CORRECTNESS: Development of dictionaries, concepts of "fixing" the language through law. Prescriptive grammars. Sir William Jones (1786) finds similarities in Latin, Greek, and Sanskrit-- sets stage for modern linguistics.

 

The Elocution Movement

 

Correctness movement extends to pronunciation. Irish actor Thomas Sheridan (1719-1788) claimed to be reviving delivery and restoring it to its place in rhetorical study. Growing from Wilkins and Fénelon''s work in 17th C. In British Education (1756) calls for revival of oratory (detailed study and appreciation of oral performance). Expresses it as almost a way to save society. Sheridan also has pronouncing dictionary. (803). Lectures from 1756-62 complain about dominance of writing over speaking. Points out issues of meaning (pronunciation and emphasis) lost in writing. Argues writing (human crafted) inferior to speech (God-given). Notes that words not only constitutent of language-- also oral interpretation, vocal expressiveness, and gestures. 

 

Edinburgh intellectuals--the Select Society-- include Hume, Blair, Adam Smith, and Lord Kames. Correct pronunciation. Smith wanted to elevate through rhetoric and belles lettres; scientific attitude toward language study and communication.

 

See influence in later works like Austin''s Chironomia (1896) develops system of notation for posture, gensture, facial expression, movement.

 

In London, debate became important part of speech education.

 

Rhetoric and Belles Lettres

 

Augustans-- Swift and Pope-- saw selves as rhetoricians. Study of "man" proper activity of poet (804). Study relied on idea that "human nature was impermanent, that reason was the quintissential human characteristic, and that true knowledge about people came from examining recurrent experiences" (804). Wanted to improve society (use good conversation/ satire if necessary).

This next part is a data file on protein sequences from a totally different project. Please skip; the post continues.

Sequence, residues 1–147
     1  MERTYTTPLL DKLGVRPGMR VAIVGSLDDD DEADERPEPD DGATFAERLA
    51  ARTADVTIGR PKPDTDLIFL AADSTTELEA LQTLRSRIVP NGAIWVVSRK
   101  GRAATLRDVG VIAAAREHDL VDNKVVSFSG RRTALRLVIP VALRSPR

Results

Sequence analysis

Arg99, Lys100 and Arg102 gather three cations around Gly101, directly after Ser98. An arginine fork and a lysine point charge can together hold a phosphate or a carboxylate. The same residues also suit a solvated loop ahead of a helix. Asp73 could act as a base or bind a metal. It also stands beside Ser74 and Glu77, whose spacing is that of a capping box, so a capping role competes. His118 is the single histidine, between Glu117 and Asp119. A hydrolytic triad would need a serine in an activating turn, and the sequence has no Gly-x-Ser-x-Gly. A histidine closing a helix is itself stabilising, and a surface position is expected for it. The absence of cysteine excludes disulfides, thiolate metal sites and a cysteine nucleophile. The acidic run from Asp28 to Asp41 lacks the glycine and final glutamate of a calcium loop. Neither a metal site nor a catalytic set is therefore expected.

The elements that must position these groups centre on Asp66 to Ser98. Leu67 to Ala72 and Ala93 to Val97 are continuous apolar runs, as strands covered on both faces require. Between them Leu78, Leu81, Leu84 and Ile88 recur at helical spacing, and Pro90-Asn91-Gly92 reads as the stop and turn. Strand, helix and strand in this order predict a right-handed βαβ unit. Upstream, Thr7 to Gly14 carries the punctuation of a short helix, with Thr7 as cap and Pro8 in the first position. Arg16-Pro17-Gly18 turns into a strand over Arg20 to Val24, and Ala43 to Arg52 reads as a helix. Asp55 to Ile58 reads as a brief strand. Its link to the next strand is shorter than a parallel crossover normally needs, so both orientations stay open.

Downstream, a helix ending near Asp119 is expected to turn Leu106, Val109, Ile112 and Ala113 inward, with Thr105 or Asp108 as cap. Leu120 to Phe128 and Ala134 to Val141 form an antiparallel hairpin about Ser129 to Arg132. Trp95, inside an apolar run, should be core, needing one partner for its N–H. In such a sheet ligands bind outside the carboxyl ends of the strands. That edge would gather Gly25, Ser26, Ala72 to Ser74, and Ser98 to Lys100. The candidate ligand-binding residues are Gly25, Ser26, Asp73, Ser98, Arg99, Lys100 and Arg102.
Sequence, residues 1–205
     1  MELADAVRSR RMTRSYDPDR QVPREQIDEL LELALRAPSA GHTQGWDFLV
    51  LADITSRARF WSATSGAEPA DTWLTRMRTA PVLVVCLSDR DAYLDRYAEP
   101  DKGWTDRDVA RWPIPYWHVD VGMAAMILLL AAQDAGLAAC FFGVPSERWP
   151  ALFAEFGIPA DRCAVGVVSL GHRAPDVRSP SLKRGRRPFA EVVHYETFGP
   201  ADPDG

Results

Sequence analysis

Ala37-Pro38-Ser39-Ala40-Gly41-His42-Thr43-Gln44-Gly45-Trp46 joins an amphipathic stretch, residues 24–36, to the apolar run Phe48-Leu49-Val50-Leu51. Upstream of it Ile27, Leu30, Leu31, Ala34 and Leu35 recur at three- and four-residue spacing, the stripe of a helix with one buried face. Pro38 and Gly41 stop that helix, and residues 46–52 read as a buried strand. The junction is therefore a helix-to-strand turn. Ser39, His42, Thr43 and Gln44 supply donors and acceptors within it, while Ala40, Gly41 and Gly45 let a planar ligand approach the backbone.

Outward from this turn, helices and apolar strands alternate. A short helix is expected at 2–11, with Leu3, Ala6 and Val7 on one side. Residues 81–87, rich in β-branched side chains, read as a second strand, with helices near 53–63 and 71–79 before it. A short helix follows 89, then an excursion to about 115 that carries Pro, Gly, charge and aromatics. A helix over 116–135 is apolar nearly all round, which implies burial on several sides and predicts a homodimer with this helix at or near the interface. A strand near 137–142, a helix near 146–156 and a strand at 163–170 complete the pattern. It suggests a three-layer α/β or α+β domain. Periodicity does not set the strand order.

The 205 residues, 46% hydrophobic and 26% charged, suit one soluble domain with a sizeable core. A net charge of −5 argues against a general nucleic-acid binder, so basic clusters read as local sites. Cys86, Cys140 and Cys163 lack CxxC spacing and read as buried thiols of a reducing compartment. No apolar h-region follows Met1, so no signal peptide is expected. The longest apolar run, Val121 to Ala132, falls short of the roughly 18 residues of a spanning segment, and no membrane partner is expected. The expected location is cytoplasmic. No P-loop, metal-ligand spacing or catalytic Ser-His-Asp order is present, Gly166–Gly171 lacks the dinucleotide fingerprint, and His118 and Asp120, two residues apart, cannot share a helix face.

Ciceronian advocates still around.

 

Locke regarded as humanist by Augustans b/c his psychology seemed to point to general laws and common experience (805). Empiricism seen "as the search not for data and details but for the essential truths of human experience" (805).

 

Classicism and rationalism reconciled in France. Rapin likens logos to appeal to faculty of understanding and pathos to affection and will.

 

Adam Smith-- 1748, 1750s, 1760s lectures. Searches for rational origin for language; supposes a universal grammar. Perspicuity goal; depends on knowledge of subject and "natural" arrangement. Style= personality of speaker/writer, and is important as well (806). Style= expression of character, "accurate" or "affecting." Brings together rhetoric and belles lettres. The appeal to passions is not a threat to reason and understanding but natural to communication. "All that separates history and poetry... is that one is prose and the other is verse" (807).